• By vein and directly into the abdomen: Some women get IV chemotherapy along with intraperitoneal (IP) chemotherapy. For IP chemotherapy, the drugs are given through a thin tube inserted into the abdomen.
  • By mouth: Some drugs for ovarian cancer can be given by mouth.

Chemotherapy is given in cycles. Each treatment period is followed by a rest period. The length of the rest period and the number of cycles depend on the anticancer drugs used. You may receive your treatment in a clinic, doctor’s office, or at home. Some women may need to stay in the hospital during treatment.

Targeted Therapy for Ovarian Cancer

Targeted therapy is a special type of chemotherapy that uses drugs or other substances to identify and attack specific cancer cells, rather than all cells like traditional chemotherapy. Because this treatment specifically seeks out cancer cells, normal cells are less likely to be damaged.

While each type of targeted therapy works differently, they all alter the way cancer cells grow, divide, repair, and interact with other cells.

  • Monoclonal antibody therapy is a type of targeted therapy in which the antibodies attach to the substances and kill cancer cells, block their growth, or keep them from spreading.
  • Bevacizumab is a monoclonal antibody that may be used with chemotherapy to treat ovarian epithelial cancer, fallopian tube cancer, or primary peritoneal cancer that has recurred.
  • Poly (ADP-ribose) polymerase inhibitors (PARP inhibitors) are targeted therapy drugs that block DNA repair and may cause cancer cells to die. PARP inhibitor therapy is being studied to treat ovarian epithelial cancer that remains after chemotherapy.

Targeted therapies may be used in different combinations depending on the cancer stage and the patient's health. Targeted therapy may be prescribed as oral pills or administered intravenously.

Immunotherapy for Ovarian Cancer

Immunotherapy is a cancer treatment that uses our body's immune system to recognize, target, control, and eliminate certain cancer cells. Oncologists might recommend immunotherapy for patients with resistance to chemotherapy, with recurrent ovarian cancer, or with ovarian cancer Stage 2 or higher.

Pembrolizumab (Keytruda) and dostarlimab (Jemperli) are a type of immunotherapy called immune checkpoint inhibitors. They work by helping the body recognize and attack cancer cells, boost immune cells that destroy cancer, and improve the body's immune response.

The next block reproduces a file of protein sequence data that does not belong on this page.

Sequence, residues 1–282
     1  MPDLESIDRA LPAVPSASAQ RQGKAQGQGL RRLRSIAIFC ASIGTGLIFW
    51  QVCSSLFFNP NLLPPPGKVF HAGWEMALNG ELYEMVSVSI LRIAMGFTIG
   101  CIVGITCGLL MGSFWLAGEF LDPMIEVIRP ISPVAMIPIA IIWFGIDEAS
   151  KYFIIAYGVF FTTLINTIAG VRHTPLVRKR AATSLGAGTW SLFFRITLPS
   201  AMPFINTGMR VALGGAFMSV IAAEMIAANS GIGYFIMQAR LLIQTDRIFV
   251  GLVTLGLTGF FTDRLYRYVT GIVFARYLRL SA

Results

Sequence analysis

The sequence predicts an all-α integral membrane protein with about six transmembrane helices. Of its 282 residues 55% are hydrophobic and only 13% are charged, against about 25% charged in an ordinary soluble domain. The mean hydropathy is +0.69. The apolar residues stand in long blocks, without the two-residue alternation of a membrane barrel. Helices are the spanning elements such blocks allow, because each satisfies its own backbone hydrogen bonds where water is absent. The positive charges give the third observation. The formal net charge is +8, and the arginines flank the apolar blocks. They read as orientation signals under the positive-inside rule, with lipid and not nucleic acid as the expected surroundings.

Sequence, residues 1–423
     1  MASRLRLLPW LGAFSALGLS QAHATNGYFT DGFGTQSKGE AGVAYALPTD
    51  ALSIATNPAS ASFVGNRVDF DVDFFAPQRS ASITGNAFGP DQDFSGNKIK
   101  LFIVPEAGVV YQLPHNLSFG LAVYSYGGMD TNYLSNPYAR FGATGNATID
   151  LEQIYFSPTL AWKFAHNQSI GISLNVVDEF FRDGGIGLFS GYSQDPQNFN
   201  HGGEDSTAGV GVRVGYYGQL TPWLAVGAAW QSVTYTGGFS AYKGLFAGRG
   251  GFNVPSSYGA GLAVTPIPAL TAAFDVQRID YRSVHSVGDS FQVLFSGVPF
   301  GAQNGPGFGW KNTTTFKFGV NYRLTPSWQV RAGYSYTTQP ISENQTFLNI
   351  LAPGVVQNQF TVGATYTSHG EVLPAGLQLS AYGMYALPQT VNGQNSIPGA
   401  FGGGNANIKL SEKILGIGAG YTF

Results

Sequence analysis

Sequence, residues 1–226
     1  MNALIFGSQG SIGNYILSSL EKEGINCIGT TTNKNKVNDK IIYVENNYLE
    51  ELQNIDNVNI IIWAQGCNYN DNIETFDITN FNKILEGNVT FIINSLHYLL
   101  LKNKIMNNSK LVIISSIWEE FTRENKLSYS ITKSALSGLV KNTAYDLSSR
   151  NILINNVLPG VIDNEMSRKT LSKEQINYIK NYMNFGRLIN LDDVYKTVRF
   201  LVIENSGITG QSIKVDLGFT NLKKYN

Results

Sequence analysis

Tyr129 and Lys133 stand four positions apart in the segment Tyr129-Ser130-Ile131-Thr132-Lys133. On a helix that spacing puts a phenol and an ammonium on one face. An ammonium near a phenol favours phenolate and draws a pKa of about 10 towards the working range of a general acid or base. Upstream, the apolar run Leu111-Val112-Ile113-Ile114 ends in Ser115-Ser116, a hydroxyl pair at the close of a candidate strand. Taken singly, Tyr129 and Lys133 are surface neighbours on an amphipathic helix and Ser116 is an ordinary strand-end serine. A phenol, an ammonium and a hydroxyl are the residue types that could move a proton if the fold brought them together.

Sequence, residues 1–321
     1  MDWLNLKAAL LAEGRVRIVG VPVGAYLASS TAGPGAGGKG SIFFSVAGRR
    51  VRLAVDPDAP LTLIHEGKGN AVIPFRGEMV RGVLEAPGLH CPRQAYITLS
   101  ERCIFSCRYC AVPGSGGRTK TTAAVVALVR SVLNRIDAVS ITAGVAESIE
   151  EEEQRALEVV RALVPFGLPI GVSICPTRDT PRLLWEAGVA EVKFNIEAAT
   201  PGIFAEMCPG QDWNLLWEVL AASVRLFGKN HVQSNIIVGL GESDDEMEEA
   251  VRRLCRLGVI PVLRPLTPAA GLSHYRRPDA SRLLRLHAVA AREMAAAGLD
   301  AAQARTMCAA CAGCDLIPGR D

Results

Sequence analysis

Radiation Therapy for Ovarian Cancer

Radiation therapy is rarely used in the initial treatment of ovarian cancer, but it may be used to relieve pain and other problems caused by the disease. The treatment uses radiation to kill cancer cells or prevent them from growing, and it is typically given at a hospital or clinic. Each treatment takes only a few minutes.

Is Ovarian Cancer Passed Down Through Genetics?

There can be a genetic link that increases the risk of developing ovarian cancer. An inherited genetic mutation of the BRCA1 or BRCA1 gene is correlated with the development of early and aggressive breast cancers and ovarian cancer. About 10% of ovarian cancers are related to this mutation.


This genetic mutation can be passed from either the mother or father’s genes. Even if one family member tests positive for the mutation, it doesn’t automatically mean you have it too. Be open with your oncologist about your family history to determine if genetic testing is right for you or possibly your loved ones. 


You’re at a higher risk of ovarian cancer if you have a close relative who was diagnosed with ovarian cancer, such as your mother or your sister. You should also look at your aunts or grandmothers on either your father's or your mother's side. If they have or had ovarian cancer be sure to tell your oncologist.

Find Ovarian Cancer Care in Northwest Indiana

The medical oncologists and gynecologic oncologists at Northwest Cancer Centers work with you to ensure you are recommended the most effective treatment plan for your ovarian cancer. We have locations in the northwest Indiana area, including Crown Point, Dyer, Hobart, Michigan City, and Valparaiso. We also offer second opinions on diagnosis and treatment plans for ovarian cancer. Take the time to evaluate your options and choose the cancer care team you feel most comfortable with.